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June 27, 2010

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Great post. Loved Roger's practical. I must be hungry though. That blueberry pie and lemonade are looking mighty fine!

Thank you Whitney for thoroughly immersing yourself in the work. It's a lot to learn in a few weeks, and your reviews here are spot on.

What your posts have really enforced is my needing and therefore taking the course.

I really empathized with your observation that many times our intentions of asking true open ended questions are twarted by the uncertainty of the response. I know that when I'm in a similarly stressful situation, I try to "visualize" what the potential outcomes will be, but by doing so, I may very well be sabotaging the process by limiting the outcomes to what I had previously envisioned. This serves as a great reminder to keep the probing questions truly open.

In our store's sales approach we ask a series of open ended questions. Our first few questions have nothing to do with the sale or purpose of their visit, rather it is more to get to know the customer to build trust. I find it works well. I had to train myself to ask open ended questions. It was hard at first because it seems easier to seek for yes or no questions or make assumptions. I love to practice this everyday I am on the sales floor. It really works to help people open up and to gather info.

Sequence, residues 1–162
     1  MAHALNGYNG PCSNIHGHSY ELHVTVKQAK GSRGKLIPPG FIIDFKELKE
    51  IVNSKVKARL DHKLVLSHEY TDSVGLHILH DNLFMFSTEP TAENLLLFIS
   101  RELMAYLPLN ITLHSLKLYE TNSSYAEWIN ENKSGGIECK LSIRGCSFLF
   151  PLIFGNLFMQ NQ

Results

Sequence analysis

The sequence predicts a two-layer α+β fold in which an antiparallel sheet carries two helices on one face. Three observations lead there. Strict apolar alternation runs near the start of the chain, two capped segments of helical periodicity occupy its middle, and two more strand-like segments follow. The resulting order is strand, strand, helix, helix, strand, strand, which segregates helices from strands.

I'm glad I got to see more about how the computer story played out -- I was going to ask you, but then I saw it here. What a victory!

On a different note, given your professional and academic background you must be an experienced negotiator, yet it seems you're learning a lot in this course. What has been the most surprising or challenging aspect of revising your approach to asking/negotiation?

In answer to Roxy, one tactical learning: asking of diagnostic questions as I said above. I thought I did this well, and I do, but not when I need it most. One strategic -- learning to negotiate is about learning to take life on, to act, not be acted upon. It is a world view. And something that I really can learn how to do. If I practice.

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  • When I took a sabbatical from Wall Street to pursue a different dream and help others live theirs, I learned that women in the U.S. may be placated, even pampered, but because we aren't dreaming, we are also desperate and depressed. Drawing on a variety of sources, ranging from academic studies to pop culture, dare to dream encourages us to dream. And then to act on our dreams.

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